Mack, Volvo partner with Shell to support, promote use of LNG

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GREENSBORO, N.C. — Mack and Volvo will be working will Shell to coordinate efforts and support activities that encourage the use of liquefied natural gas (LNG) as a fuel for commercial vehicles, the companies announced.

“Mack has had natural gas-powered vehicles in customer service since 2009, and we look forward to working with Shell and other fuel providers to further support the burgeoning natural gas truck market here in North America,” said Kevin Flaherty, president of Mack Trucks North American sales and marketing.

“Customer interest in natural gas as a heavy-duty truck fuel will only continue to grow,” said Göran Nyberg, president of Volvo Trucks North American sales and marketing. “We plan to introduce our own Volvo LNG-fuelled engine in 2014, and this agreement is part of our effort to collaborate with various stakeholders to ensure that the market is supported with the necessary infrastructure.”

The agreement with Shell is global and non-exclusive (meaning Mack and Volvo can work with other partners), and will include collaboration on issues such as fuel specification and emissions performance, as well as general sharing of knowledge and experience with all aspects of this burgeoning market.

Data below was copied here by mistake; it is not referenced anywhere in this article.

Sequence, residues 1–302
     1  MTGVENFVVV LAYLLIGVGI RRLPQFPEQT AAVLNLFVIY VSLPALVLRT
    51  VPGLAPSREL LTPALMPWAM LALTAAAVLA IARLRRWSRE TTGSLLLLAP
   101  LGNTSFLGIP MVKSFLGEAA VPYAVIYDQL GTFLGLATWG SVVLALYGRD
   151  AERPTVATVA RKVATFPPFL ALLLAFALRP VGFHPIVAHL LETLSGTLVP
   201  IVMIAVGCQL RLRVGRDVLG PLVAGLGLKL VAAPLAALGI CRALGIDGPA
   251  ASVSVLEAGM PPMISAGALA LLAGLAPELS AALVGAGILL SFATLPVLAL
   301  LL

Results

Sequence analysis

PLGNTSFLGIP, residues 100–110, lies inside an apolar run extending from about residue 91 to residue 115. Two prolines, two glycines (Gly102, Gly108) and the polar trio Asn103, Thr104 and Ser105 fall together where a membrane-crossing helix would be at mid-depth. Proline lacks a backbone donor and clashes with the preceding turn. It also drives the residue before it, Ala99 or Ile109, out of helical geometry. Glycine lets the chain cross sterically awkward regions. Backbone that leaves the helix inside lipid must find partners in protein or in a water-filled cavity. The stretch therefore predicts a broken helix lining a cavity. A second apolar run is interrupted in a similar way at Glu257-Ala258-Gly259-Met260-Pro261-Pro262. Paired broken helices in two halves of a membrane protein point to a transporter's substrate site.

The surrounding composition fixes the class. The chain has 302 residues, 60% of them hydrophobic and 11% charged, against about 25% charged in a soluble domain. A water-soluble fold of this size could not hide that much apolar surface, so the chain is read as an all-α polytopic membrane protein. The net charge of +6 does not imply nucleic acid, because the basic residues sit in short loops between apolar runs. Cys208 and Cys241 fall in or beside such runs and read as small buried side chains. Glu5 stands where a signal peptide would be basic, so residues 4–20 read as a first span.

Mack’s initial foray into natural gas came with its natural gas-powered Mack TerraPro refuse vehicle. The company recently delivered its first natural gas-powered Mack Pinnacle model, offering an LNG solution for on-highway applications. Mack also announced plans to launch a natural gas-powered Mack Granite for the construction segment in 2013. Both models will be equipped with the Cummins Westport ISX12G spark-ignited engine, which can run on LNG as well as Compressed Natural Gas (CNG).

Volvo Trucks announced the development of its proprietary 13-litre LNG engine for North America in May. The engine’s advanced high-pressure diesel ignition technology is designed to provide “significant fuel efficiency gains compared with spark-ignited natural gas engines, making it a viable solution for long-haul trucking applications,” according to Volvo officials. The company’s proprietary Volvo I-Shift automated manual transmission also will be available for customers to spec’.

The company currently offers a natural gas-powered option for the Volvo VNM daycab, and will offer a natural gas-powered version of the Volvo VNL daycab beginning in 2013. Both models utilize spark-ignited engines.  

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